Common Clickstream DataWhere a visitor first landed on the site How a visitor got to the site Number and sequence of pages viewed Number and cost of each product purchased Length of time the visitor stayed on each page and on the entire site Total cost of each visit Point on the site where the visitor clicked away © 2007 Prentice-Hall, Inc
The Business Case for E-IntelligenceIntegrates e-business operations into the traditional business environment Helps business users make informed decisions based on accurate and consistent e-business information Assists e-business applications in profiling and segmenting e-business customers to personalize the actual Web pages displayed Extends the business intelligence environment outside of the corporate firewall to trading partners Extends the business intelligence environment outside of the corporate firewall to key corporate clients Links together e-business applications with business intelligence and collaborate processing applications © 2007 Prentice-Hall, Inc
Customer Service Automation removes the human contact between buyer and merchant “Don’t annoy the customer” Botched logistics can spell disaster Order taking is the easy part Fulfillment is where the merchant promotes or destroys customer satisfaction © 2007 Prentice-Hall, Inc
Main Goals of CRM Better customer service and customer revenuesMore efficient call center Faster closing of deals by sales staff More effective cross selling of products Simplified market and sales processes Discovering new customers and personalizing relationships to improve profitability and customer satisfaction © 2007 Prentice-Hall, Inc
Overall Goal of CRM Identify what truly matters for the customerFirst, notice what customers are doing Second, remember what customers have done over time Third, learn from what is remembered Fourth, act on what has been learned © 2007 Prentice-Hall, Inc
Interrelated Elements of Customer Satisfaction© 2007 Prentice-Hall, Inc
Developing and Understanding Relationship with Customers© 2007 Prentice-Hall, Inc
CRM-integrating Critical Processing© 2007 Prentice-Hall, Inc
Managing ImplicationsAn important implication for management is return on investment The future of the Internet and e-commerce lies in customer tracking and personalization Internet marketing allows firms to communicate with customers around the clock Companies should reconsider their approach to customer support E-commerce without e-service can be suicidal for a business Successful Internet marketing means high-level executive involvement © 2007 Prentice-Hall, Inc
Chapter Summary Marketing is the process of planning and implementing the conception, pricing, advertising, and distribution of goods and services to meet the demands of the market Three factors make online shopping attractive: quick sorting through choices vast selection of products quick comparison of products Online shopping has some drawbacks © 2007 Prentice-Hall, Inc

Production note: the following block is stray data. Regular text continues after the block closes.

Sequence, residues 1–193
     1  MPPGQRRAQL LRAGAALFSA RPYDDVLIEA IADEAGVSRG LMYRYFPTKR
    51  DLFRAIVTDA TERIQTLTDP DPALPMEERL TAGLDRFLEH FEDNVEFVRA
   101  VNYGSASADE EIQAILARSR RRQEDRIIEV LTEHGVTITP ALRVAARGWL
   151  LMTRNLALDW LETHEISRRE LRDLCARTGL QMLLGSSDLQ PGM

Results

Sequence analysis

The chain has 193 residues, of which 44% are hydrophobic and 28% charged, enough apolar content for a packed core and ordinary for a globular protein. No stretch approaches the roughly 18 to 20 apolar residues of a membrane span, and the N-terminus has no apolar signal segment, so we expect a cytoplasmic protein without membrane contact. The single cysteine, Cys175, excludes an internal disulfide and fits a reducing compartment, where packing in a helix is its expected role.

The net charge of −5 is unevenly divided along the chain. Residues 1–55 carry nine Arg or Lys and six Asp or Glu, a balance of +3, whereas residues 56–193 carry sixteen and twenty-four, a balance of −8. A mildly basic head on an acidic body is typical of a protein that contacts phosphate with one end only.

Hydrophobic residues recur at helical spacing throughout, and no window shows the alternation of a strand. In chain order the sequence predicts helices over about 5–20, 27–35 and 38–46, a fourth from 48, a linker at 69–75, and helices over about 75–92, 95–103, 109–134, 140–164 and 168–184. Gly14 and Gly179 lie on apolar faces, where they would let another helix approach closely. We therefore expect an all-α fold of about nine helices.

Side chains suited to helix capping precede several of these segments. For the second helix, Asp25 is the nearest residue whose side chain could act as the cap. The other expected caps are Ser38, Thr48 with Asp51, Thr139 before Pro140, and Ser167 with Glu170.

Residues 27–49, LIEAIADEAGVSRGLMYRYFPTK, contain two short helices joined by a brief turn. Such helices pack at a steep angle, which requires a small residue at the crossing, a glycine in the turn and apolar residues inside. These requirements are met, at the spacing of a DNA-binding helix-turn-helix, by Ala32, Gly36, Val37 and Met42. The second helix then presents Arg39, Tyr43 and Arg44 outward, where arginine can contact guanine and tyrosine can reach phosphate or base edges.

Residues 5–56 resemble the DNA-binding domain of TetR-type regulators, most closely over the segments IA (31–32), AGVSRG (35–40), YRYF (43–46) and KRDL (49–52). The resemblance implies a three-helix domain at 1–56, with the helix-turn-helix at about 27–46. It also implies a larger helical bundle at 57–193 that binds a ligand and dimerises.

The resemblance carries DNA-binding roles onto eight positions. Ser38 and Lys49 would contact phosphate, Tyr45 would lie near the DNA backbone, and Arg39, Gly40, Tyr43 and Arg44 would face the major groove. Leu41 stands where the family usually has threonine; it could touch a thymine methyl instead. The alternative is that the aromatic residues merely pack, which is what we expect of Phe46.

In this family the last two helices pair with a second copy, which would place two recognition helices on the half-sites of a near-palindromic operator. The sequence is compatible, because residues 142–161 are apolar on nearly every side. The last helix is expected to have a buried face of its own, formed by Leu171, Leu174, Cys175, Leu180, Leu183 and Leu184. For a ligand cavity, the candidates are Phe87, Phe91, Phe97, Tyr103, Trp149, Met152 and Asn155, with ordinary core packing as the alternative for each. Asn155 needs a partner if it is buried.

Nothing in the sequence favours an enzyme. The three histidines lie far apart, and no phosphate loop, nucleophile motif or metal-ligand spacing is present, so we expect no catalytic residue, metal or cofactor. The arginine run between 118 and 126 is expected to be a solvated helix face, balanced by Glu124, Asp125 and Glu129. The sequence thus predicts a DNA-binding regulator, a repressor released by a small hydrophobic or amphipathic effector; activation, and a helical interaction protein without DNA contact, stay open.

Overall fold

Chapter Summary (Cont’d)Internet provides a continuum of marketing techniques Internet marketing is made up of an e-cycle that begins with planning followed by the four P’s One marketing implication behind the power shift from merchant to consumer is a unique marketing strategy that follows rules that make sense To promote a site on the Web, it must be available to search engines and directories © 2007 Prentice-Hall, Inc
Chapter Summary (Cont’d)Attracting customers to a site involves: keeping site content current offering free information or products implementing cross-selling strategies to assist visitors in making a final decision quick and easy navigation Introducing event marketing Enlisting affiliates © 2007 Prentice-Hall, Inc
Chapter Summary (Cont’d)The first step in personalization is customer identification Successful Internet marketing means: High-level executive involvement Thinking about a new way of selling and delivering merchandise Finding what it takes to implement the company’s e-business vision © 2007 Prentice-Hall, Inc
Chapter 10 Marketing on the Internet. Awad –Electronic Commerce 2/e © 2004 Pearson Prentice Hall2 OBJECTIVES Pros and Cons of Online Shopping Internet.
Chapter 11 Marketing On Internet Day 17. Awad –Electronic Commerce 1/e © 2002 Prentice Hall2 Day 17 Agenda Assignment #5 corrected –2 A’s, 5 B’s, 1 C.
Back to Table of Contents
Marketing for Hospitality and Tourism, 3e©2003 Pearson Education, Inc. Philip Kotler, John Bowen, James MakensUpper Saddle River, NJ Chapter 16.
Chapter 9: INTERNETADVERTISING 9.1. Overview of Cyberspace INTERNET BASIC PARTS The Internet The Internet Electronic Mail ( ) Electronic Mail ( )
Elias M. Awad Third Edition ELECTRONIC COMMERCE From Vision to Fulfillment 6-1© 2007 Prentice-Hall, Inc ELC 200 Day 13.
chapter 9 Communication McGraw-Hill/Irwin © 2004 The McGraw-Hill Companies, Inc., All Rights Reserved.
Media Planning: Advertising and the Internet
ELC 200 DAY Chapter 11 Marketing On Internet.
McGraw-Hill/Irwin Copyright © 2008, The McGraw-Hill Companies, Inc. All rights reserved.
Chapter 8 DESIGNING WEBSITES - From Page to Stage Day 13.
Elias M. Awad Third Edition ELECTRONIC COMMERCE From Vision to Fulfillment 6-1© 2007 Prentice-Hall, Inc ELC 200 Day 12.
Electronic Commerce Systems
Chapter 9 e-Commerce Systems.
Marketing and Advertising in E-Commerce
Customer Service and Web Site Personalization Back to Table of Contents.
© 2006 Pearson Education Canada Inc Canadian Advertising in Action Chapter 12 Internet Communications.
“If you build it, they will come.”. Virtual Business There is much more that goes into a virtual business than just building the web site. You will.
Chapter 11 Marketing On The Internet. Awad –Electronic Commerce 1/e © 2002 Prentice Hall2 OBJECTIVES Pros & Cons of Online Shopping Internet Marketing.
Website Content, Forms and Dynamic Web Pages. Electronic Portfolios Portfolio: – A collection of work that clearly illustrates effort, progress, knowledge,